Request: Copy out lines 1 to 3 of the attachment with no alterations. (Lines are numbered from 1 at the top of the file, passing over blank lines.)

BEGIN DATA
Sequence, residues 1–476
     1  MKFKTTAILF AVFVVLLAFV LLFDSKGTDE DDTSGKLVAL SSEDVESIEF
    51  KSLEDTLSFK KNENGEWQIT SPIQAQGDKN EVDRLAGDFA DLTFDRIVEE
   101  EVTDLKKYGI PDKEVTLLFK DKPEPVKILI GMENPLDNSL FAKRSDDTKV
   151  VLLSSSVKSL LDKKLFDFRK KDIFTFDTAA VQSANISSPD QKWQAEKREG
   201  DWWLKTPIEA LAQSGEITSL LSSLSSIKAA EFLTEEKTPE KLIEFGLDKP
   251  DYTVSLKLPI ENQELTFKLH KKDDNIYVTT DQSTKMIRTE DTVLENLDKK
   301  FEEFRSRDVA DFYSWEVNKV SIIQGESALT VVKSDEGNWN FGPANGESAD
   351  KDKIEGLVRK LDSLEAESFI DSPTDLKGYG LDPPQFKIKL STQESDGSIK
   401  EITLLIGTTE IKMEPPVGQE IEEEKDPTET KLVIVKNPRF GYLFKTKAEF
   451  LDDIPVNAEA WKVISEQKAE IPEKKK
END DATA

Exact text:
Sequence, residues 1–476
     1  MKFKTTAILF AVFVVLLAFV LLFDSKGTDE DDTSGKLVAL SSEDVESIEF
    51  KSLEDTLSFK KNENGEWQIT SPIQAQGDKN EVDRLAGDFA DLTFDRIVEE